Free-living bacteria commonly cope with and adapt to changing environments. We have shown that various families of antibiotics are capable, at concentrations as low as 1% of the MIC, to activate stress responses in pathogenic Gram-negative bacteria from different genera, and that such responses can lead to bacterial adaptation and emergence of resistance to antibiotics.
The goal of this project is to study the role of RNA modifications and variations in translation fidelity and efficiency in mediating the response to sub-MIC antibiotic stress. We to explore the link between sub-lethal antibiotic stress, t/rRNA modifications and modulation of translation fidelity/codon decoding, and contribution to antibiotic resistance. We are especially interested in the role of queuosine modification in tRNA (phenotypically uncharacterized in prokaryotes) in the response to sub-lethal antibiotic stress, as well as dihydrouridine and pseudouridine.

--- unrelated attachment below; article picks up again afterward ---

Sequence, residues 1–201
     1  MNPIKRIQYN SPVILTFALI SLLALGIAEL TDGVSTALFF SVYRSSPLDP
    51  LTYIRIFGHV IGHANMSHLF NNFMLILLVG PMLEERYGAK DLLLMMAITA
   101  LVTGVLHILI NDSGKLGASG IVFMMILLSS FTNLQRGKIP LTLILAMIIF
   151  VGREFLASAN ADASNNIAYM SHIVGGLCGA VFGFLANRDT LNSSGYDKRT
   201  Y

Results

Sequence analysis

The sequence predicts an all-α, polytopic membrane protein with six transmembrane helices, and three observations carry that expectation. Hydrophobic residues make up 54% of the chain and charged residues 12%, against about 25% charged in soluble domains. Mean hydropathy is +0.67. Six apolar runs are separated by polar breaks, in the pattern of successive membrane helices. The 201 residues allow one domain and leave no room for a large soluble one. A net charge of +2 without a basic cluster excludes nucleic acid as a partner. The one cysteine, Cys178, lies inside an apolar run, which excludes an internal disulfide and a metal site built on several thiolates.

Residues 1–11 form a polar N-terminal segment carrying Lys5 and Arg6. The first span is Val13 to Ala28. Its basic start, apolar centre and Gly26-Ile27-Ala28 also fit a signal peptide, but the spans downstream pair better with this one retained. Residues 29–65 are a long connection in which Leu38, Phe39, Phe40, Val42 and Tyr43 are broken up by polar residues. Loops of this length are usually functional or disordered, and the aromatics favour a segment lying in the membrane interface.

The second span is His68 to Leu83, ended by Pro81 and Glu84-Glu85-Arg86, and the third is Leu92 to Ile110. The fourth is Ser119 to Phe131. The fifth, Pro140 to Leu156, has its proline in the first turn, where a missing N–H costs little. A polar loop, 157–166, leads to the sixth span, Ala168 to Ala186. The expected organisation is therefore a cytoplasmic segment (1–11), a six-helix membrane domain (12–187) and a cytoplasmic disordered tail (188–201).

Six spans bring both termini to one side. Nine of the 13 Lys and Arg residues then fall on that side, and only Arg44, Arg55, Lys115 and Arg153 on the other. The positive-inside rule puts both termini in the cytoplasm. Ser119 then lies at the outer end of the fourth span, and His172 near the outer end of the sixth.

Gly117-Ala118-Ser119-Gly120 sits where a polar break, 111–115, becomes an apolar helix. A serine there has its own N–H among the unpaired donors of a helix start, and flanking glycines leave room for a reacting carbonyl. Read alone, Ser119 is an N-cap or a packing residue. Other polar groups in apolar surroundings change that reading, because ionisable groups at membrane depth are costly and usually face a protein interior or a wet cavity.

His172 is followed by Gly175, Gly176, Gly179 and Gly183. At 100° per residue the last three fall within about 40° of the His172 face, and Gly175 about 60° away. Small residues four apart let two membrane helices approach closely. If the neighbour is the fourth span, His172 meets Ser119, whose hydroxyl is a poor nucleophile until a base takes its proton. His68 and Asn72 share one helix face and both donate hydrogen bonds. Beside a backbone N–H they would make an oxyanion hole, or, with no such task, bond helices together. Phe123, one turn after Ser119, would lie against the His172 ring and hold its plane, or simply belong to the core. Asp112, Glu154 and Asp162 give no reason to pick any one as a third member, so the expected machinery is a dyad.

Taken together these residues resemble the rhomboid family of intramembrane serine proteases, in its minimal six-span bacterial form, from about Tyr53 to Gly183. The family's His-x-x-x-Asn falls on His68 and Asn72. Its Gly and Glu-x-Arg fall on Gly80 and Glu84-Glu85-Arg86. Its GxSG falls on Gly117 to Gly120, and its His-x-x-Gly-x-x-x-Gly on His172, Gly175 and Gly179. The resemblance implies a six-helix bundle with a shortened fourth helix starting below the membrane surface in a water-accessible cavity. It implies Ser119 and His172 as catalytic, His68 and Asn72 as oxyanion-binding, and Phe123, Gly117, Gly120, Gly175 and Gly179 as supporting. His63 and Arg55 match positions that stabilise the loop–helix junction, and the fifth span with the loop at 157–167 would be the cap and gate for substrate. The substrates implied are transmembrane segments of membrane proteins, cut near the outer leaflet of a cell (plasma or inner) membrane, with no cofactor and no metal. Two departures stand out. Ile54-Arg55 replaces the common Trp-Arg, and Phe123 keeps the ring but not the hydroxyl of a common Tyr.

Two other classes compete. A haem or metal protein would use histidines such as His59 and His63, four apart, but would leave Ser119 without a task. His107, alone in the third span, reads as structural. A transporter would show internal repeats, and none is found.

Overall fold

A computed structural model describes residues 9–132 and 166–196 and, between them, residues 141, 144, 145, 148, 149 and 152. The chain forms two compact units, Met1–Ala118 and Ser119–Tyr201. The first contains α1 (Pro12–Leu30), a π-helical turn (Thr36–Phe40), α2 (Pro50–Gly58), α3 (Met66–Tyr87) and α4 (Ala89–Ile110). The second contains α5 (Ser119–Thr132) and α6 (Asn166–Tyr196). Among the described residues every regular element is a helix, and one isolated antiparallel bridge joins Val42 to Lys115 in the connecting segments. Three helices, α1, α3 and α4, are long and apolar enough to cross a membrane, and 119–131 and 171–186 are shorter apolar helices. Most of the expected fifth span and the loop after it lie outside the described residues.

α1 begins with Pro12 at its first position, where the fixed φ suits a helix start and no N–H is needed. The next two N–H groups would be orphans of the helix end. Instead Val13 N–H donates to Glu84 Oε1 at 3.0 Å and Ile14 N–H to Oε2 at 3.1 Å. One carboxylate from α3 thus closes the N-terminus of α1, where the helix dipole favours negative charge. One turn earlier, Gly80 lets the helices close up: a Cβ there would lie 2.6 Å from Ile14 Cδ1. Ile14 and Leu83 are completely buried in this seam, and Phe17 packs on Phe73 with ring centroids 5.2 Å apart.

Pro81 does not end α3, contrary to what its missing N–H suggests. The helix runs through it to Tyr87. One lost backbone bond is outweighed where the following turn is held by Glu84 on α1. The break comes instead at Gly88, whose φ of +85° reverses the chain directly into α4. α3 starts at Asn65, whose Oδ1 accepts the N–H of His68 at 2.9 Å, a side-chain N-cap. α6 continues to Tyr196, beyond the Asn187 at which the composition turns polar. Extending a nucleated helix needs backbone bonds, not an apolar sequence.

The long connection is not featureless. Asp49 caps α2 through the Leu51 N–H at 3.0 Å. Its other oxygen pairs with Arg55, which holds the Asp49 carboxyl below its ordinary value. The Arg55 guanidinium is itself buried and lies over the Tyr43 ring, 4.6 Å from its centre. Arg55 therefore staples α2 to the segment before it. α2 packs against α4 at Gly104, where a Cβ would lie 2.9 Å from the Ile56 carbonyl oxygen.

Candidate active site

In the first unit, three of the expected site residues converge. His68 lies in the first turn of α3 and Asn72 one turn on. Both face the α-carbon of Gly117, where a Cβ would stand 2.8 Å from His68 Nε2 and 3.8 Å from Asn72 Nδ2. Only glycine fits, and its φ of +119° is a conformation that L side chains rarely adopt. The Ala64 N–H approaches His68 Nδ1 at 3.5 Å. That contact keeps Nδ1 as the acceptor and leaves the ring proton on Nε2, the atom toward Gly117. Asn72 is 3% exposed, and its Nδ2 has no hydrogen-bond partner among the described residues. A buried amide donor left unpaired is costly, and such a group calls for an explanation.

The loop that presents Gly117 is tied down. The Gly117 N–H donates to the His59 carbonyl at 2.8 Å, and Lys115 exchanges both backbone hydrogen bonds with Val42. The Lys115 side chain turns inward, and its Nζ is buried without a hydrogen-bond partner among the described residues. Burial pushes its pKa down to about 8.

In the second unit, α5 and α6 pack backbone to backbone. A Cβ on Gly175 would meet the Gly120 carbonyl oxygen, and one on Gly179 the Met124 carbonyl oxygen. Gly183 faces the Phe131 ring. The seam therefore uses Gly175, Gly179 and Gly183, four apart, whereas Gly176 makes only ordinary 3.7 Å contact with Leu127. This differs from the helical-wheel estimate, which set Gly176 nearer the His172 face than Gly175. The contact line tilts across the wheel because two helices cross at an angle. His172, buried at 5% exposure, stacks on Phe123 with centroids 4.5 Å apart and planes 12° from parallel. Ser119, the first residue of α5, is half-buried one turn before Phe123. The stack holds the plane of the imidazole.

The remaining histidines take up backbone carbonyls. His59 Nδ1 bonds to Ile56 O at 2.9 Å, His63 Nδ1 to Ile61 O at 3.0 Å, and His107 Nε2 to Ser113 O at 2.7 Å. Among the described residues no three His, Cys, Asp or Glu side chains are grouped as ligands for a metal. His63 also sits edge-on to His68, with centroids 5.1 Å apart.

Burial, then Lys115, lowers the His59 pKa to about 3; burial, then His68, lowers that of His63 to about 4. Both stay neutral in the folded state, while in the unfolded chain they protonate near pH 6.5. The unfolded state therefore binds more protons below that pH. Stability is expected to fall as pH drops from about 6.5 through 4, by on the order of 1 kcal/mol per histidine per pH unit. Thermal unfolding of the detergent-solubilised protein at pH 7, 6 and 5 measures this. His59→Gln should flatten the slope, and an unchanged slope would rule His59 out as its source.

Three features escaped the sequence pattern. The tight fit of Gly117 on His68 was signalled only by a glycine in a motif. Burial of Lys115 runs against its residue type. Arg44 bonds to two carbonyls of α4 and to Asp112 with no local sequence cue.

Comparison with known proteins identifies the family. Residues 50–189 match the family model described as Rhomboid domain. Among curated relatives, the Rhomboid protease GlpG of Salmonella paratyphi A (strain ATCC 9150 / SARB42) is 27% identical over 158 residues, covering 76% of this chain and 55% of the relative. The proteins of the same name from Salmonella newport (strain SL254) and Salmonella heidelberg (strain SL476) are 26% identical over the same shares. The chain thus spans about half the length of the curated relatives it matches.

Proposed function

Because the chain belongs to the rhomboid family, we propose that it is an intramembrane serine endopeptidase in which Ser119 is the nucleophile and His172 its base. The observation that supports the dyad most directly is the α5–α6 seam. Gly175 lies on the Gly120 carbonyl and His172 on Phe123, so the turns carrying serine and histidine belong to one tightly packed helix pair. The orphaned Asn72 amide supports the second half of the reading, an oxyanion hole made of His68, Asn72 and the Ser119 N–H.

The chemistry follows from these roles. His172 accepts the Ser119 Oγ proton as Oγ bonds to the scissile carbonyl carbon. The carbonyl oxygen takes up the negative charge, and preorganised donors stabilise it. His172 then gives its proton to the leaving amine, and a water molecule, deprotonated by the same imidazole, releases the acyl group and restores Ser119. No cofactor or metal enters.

This project is in collaboration with Céline Fabret & Olivier Namy at I2BC, Saclay (https://www.i2bc.paris-saclay.fr/equipe-genomics-structure-and-translation/) and Virginie Marchand & Youri Motorine at Université de Lorraine, IMoPÄ (https://umsibslor.univ-lorraine.fr/fr/plateforme/epitranscriptomique-sequencage-epirna-seq)